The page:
you couldn't see his eyes, mouth,
whiskers nor noihin elc.
"Whew!" ses he, as son as he got
his he 1 out, and tlie feathers flew all
over the floor, which skeered the lit
tle niggers so they split to the skitch
en, squallin like the very ole devil
was alter them.
"Good Lord, massa PetePsei ant
PrWsy, "dat you in my bag? I thought
'em was snmething eond."
"Your bng!" ses Pete, "drat your
infernal pi :.,-er, who told you to hang
up a bag.wr white folks to go and git
into? N er mind Miss Kesiah, I
was only ic fun any wav," ses he,!
while they.was all langhin fit to die,
and he was tiyin to brush off the
fi-at'iers. "Never mind. I was onlv
jokin with you. but I had a better o-
pinnn it y t.than to think you wouid
J r.r.n ' my .cniii-
ers if I aint
rlad I've found you out.
Miss," ses he, and he
gin her a look I ke he could bit her
hed ofT and then blowed his nose a
time or two and put out.
"Hut aint you gwine to be as good
as vnnr word doctor?" ses she,
"You iest 0 to grass." ses he. and
that's the last we've seed of cousin
i Pete sense Crismns mornin.
Mary gave the galls a rife pood
! setiin down for servin him no. lint
for mv part I think it aint no rrreat
maU(.r, for he i such a bminable
f, that a few pretty hard lesons
wont cU him no harm.
Hut I'm gittin so everlaslin long a-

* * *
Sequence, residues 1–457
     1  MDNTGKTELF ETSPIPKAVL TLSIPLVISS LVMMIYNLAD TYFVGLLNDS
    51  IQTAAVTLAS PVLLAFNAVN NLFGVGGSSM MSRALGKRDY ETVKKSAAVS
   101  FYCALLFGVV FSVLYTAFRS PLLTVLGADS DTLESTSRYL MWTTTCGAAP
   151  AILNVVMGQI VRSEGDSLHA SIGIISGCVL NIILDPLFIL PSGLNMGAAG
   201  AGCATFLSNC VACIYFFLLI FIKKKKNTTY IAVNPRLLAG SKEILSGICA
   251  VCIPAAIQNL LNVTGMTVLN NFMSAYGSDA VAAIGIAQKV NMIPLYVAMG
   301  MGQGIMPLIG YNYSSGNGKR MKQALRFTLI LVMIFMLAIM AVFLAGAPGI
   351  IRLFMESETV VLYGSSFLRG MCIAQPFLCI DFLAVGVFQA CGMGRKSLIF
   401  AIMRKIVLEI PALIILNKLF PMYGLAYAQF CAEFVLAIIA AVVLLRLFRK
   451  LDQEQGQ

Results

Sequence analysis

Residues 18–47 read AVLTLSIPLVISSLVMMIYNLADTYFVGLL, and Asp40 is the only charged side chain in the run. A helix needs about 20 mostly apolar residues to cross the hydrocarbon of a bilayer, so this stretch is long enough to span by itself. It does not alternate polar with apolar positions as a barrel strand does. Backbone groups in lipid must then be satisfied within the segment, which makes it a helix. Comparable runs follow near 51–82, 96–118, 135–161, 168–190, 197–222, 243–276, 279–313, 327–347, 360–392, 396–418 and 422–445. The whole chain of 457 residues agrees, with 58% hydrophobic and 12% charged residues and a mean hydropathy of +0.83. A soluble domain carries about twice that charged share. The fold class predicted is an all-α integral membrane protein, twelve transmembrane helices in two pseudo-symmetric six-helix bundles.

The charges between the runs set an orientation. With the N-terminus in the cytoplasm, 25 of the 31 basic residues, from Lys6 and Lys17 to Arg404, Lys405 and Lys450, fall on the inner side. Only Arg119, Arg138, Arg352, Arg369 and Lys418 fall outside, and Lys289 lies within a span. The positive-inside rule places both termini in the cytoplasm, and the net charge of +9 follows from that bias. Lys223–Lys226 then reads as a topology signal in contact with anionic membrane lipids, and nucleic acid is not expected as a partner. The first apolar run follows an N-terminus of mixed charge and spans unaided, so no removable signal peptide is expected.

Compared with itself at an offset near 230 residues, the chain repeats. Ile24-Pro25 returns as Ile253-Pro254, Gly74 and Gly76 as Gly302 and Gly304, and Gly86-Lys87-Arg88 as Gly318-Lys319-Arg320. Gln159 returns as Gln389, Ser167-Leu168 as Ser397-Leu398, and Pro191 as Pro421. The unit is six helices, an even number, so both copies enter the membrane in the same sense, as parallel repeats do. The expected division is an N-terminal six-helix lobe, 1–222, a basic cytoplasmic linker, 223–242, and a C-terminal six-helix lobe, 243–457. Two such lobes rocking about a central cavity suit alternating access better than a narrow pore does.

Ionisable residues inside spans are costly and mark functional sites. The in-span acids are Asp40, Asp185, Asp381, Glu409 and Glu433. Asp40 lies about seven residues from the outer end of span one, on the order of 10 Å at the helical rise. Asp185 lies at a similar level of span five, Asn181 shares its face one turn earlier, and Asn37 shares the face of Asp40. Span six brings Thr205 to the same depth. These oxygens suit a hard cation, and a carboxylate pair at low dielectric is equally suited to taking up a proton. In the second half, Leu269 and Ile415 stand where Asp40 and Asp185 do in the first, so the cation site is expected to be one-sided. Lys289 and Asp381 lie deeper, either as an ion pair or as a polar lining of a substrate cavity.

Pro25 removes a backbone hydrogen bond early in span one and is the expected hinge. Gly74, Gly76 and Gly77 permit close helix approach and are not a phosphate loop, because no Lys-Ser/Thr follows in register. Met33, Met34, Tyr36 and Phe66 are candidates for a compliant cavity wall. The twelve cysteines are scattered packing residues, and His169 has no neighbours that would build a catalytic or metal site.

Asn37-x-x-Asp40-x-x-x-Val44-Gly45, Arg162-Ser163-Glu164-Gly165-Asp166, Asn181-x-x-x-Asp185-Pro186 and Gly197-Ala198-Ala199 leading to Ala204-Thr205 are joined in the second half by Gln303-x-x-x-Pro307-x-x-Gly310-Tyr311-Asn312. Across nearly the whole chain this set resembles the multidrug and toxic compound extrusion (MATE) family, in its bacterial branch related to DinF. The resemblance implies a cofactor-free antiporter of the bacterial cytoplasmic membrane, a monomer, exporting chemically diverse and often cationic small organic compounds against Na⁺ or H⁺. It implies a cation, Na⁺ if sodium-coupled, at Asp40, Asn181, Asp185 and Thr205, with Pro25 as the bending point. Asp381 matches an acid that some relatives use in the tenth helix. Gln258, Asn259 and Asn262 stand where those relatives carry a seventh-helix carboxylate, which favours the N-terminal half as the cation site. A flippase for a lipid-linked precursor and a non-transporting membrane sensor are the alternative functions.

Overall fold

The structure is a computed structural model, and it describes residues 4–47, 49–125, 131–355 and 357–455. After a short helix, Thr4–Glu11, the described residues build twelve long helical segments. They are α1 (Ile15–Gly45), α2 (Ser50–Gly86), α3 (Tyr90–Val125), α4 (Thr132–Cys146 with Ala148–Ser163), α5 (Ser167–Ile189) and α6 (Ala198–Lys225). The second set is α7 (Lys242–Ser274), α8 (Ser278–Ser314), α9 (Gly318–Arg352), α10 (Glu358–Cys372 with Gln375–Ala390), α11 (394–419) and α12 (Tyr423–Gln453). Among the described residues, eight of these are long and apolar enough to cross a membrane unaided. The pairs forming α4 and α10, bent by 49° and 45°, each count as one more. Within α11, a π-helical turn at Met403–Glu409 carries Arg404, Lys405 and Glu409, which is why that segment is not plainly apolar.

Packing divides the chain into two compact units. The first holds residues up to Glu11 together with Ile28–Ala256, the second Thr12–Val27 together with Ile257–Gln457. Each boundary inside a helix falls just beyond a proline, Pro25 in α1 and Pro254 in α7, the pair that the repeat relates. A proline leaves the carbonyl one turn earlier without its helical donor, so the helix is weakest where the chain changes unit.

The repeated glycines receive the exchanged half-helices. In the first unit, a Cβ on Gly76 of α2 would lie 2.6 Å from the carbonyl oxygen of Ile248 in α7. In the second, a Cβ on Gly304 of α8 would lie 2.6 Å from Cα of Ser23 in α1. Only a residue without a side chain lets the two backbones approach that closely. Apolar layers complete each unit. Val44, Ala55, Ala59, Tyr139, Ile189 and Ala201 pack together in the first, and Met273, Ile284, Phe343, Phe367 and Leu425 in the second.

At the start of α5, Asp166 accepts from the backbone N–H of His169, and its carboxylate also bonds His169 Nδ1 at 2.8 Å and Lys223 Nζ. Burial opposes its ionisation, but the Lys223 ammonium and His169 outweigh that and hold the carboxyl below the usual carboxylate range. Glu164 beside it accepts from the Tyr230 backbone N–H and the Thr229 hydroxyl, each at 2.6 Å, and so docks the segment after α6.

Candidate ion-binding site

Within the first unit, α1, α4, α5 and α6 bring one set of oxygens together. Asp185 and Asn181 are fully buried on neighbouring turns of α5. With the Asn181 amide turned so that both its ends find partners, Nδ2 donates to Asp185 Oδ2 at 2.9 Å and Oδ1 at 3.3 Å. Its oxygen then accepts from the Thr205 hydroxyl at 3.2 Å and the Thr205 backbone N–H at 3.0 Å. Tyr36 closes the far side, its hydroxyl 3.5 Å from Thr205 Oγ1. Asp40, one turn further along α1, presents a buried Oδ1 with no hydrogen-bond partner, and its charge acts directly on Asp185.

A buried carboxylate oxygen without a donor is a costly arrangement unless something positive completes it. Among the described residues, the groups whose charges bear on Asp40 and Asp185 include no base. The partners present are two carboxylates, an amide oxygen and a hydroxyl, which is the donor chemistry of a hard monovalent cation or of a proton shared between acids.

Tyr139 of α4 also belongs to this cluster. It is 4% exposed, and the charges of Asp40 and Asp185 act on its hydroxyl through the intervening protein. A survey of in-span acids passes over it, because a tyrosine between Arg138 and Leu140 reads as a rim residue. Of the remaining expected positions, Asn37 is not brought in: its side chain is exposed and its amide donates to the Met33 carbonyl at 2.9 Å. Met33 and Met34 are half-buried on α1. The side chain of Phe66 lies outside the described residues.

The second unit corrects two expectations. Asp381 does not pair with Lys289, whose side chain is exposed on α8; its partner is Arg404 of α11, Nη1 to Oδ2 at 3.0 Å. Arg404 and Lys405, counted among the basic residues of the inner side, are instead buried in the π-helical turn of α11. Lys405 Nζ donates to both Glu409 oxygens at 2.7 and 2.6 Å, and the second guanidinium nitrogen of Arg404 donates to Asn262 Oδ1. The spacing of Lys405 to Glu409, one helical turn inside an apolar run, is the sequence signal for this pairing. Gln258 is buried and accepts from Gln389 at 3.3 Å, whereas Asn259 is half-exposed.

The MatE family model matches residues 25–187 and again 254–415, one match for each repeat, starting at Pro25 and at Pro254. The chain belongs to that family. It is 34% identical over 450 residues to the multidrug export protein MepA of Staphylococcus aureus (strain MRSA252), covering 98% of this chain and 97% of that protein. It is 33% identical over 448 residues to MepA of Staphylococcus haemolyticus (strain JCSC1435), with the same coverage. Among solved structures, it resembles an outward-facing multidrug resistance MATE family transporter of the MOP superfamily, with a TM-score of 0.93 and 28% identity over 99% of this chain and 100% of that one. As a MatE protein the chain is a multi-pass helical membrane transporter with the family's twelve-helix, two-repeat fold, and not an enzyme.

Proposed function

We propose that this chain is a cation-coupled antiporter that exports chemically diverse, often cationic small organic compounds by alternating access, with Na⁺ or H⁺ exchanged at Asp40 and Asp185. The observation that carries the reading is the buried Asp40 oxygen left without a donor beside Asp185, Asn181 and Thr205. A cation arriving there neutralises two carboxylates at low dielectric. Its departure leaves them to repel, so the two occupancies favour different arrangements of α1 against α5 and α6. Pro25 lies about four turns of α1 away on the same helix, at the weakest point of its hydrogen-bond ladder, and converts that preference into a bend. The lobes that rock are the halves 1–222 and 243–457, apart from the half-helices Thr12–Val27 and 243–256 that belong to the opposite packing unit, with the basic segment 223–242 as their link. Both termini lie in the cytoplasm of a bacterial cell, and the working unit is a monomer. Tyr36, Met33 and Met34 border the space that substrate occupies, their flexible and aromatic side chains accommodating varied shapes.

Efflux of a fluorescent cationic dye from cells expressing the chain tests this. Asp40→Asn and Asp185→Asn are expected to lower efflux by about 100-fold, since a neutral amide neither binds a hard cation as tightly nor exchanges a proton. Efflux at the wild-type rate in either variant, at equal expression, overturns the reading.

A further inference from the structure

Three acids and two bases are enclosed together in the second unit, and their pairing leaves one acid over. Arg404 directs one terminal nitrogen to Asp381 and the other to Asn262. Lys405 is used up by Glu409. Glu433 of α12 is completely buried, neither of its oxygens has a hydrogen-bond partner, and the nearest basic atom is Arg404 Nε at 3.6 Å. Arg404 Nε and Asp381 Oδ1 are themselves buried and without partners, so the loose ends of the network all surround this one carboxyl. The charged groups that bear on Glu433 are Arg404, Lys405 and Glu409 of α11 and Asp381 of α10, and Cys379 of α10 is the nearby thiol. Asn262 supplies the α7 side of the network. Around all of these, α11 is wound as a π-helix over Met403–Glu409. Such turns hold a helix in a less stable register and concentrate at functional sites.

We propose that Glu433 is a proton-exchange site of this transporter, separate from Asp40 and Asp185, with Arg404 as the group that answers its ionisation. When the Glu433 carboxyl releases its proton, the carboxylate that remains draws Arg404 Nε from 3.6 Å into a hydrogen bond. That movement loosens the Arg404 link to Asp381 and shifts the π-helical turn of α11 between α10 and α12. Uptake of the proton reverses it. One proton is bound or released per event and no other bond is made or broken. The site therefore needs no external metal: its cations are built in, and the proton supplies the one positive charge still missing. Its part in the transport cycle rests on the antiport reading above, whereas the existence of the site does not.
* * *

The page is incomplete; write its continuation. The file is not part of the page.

;in. Mary's health's rite good, con- opened to Gsece les.'ons o! her bet
siderin. Look out for a letter from tor days.
me before long. No more from I Can it be that Auk 1 ica, u:.dci s ich
Your frie nd till deth.
P. S. I didn't know what upon
yeart'i to make of serin my 'eiters
gwine the round in the papers, till I
sa.v t!i t "Sjiirii of the Times;"' what
you sent me. Our people's monstrous
loud ah i;t Southern rrenns, and south-
em insti'iiiioas, .Mid feehn,and South-
etn literature. and alt tha'. but thv
j never find out they've trot anything
' good at home until the Noi ihcin peo-
! pu t II 'em of it. That's the se.-iet
. 1 11 t
t'ii pap rs lias I egun lo (mbtMi my
liiin. j c.n find 'em in h.ts of papers
M; over the South. I w. n b-r our
....ishi-tire don't adopt the laws of
Sitei C.iliiti' ses. if she had
' kr.ow'd the editor of the 'Spirit' was
coming to f.iporgia, sr.e would hang up
bag for him long as a liberty pole.
She ses siie wants a literary husband.
i ... :r .1. - i. i . .. .. .
o'il II sue inai i y s lino lie s roi 10 s:Oj
.v m chii' k-iluck ami horse-racin-
! hand l:e-self.
l hat is to become of this Coun
tryf "When we relied on what has
been, and what is, how is it possible
not to leel a profound sene of the re
sponsibilities f this republic to ail
lu'ure ages? What vast motives press
upon us for lofty enthusiasm. What
solemn wai ninys at once dtmandour
vigih'.noe, and moderate our confi
dence. The old world has already reveal
ed to us iu its unsealeu books, the
beginning and end of all i's marvel
lous struggles in the cau-e el Liberty.
Greece, lovvlv Greece
tiie land of
scholars ar.d the nurse of arms, where
sister repuhl.es, in lair procession,'
chanted the praise of liberty and the '
gods where is she? For two thou-1
sjnd years the oppressois have bound ;
her to the earth. She fell by the 1